All that I’m asking for is some simple rules that would govern our lives. Among these rules would this little gem: I’ve got no problem having to deal with being nervous as a beginning speaker; however, once I’ve been speaking for a while I should no longer have any problems with nerves. Dang it – it turns out that these rules don’t exist and speakers can have panic attacks at any time no matter how much experience they have…
Where Does The Panic Come From?
When you’ve never felt a sense of panic before (or if it’s been a really, really long time since you felt it), then the first question that will pop into your mind when panic arrives is “What’s causing this?” As with all such things in life, the answer is probably somewhat complicated.
If you don’t normally have to deal with a case of the nerves when you are either preparing or actually giving a speech, then clearly something has changed. You need to take the time to search your environment in order to identify what’s different.
There are a number of common causes that make experienced speakers nervous. Who’s in your audience is one of them. More often than not, when you have someone that you know in the audience you can start to become jittery. This can include family members, friends, or even just people that you respect.
If you are having your speech recorded in some manner (either sound or video or both), then the need to be perfect can cause you problems. It’s not that the recording is that big of a deal, it’s just that it may be a different environment from what you are normally used to.
Finally, someone asked you to stand up and give a speech. You want to do a good job for them. The more important that your speech is for them and their career, the more pressure that there will be on you and the higher the probability that you’ll experience some level of panic.
How To Deal With Nerves
Understanding why you are dealing with a sudden case of the nerves is a good first start. Now you need to find a way to make them go away. The good news here is that this is possible and it’s really not all that hard to do.
Let’s cover the basics first: what not to do. Skip the caffeine. No matter how you get your drug of choice whether it’s from coffee or soda, just say no on the day that you’ll be speaking. Skip the milk. Same thing goes for dairy products because they can leave a coating on your mouth and throat that you don’t need to be dealing with. Finally, do I even have to tell you to stay away from alcohol (for obvious reasons)?
Since there is no way to tell what kind of shape your throat is going to be in before you give a speech and since becoming panicky can cause your throat to dry out, bring some throat lozenges along and pop them as needed. Couple this with some deep breathing exercises and you will be on your way to regaining control over your nerves.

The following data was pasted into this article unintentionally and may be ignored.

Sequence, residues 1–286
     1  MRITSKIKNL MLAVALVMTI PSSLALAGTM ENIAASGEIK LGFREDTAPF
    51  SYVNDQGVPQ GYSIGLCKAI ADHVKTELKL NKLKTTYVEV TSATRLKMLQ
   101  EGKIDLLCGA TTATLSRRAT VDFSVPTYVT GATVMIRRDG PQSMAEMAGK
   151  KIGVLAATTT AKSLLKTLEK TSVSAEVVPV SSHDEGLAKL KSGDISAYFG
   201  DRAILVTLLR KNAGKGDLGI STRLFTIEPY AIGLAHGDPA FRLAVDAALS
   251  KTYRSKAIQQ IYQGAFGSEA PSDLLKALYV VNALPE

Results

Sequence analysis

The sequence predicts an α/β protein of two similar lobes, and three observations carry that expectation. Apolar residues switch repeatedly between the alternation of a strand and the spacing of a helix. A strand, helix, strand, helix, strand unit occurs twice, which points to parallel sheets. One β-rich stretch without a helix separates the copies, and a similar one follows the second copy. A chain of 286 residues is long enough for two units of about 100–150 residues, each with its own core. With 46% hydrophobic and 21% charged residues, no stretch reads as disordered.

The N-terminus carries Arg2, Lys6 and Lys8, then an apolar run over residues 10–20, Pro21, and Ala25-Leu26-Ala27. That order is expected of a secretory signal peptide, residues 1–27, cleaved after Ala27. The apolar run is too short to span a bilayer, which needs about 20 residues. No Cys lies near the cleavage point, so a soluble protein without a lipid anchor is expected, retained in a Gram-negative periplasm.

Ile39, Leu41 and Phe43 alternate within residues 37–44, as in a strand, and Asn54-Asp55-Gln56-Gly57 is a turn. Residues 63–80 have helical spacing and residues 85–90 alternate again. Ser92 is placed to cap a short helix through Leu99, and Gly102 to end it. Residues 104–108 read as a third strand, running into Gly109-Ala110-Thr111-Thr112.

Nerves have a lot to do with nervous energy. If you can cause this energy to go away, you’ll have less energy to be nervous with. The quickest and easiest way to do this is to perform some stretching exercises. I’m not talking about jumping jacks here, but rather leg and arm extensions that will stretch you out.
Finally, you need to turn that room full of strangers into a room full of people that you know. The fastest way to do this is to take the time to meet as many people as possible before you get up and give your speech. Shaking their hand, introducing yourself, and finding out a little bit about them will win them over to your side before you even open your mouth.
What All Of This Means For You
No matter how comfortable you are standing in front of an audience, there is always the possibility that at some point in time you’ll have to deal with a case of the nerves. The good news is that this can be a temporary situation.
When this happens, the first thing that you need to do is to take the time to understand what is causing it. Next, you need to focus on taking actions that will allow you to relieve the stress that you are feeling.
Sometimes the best realization is that panic attacks are temporary things – they won’t last. As speakers we need to realize that we are providing a service for our audiences and this is why we go through the effort of creating and delivering speeches. Focus on this and all of your temporary fears will melt away…
Question For You: If you feel a panic attack coming on, what do you think is the one thing that you can do to regain control?
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Note: What we talked about are advanced speaking skills. If you are just starting out I highly recommend joining Toastmasters in order to get the benefits of public speaking. Look for a Toastmasters club to join in your home town by visiting the web site www.Toastmasters.org. Toastmasters is dedicated to helping their members to understand the importance of public speaking by developing listening skills and getting presentation tips. Toastmasters is how I got started speaking and it can help you also!
What We’ll Be Talking About Next Time
Why do you give speeches? I suspect that like most of us, the reasons vary; however, there is probably a common thread running through most of them – you want to lead your audience to take some form of action. In order to convince our audiences to follow us, we need to use words that will show them that we are leaders. Do you know how to do this?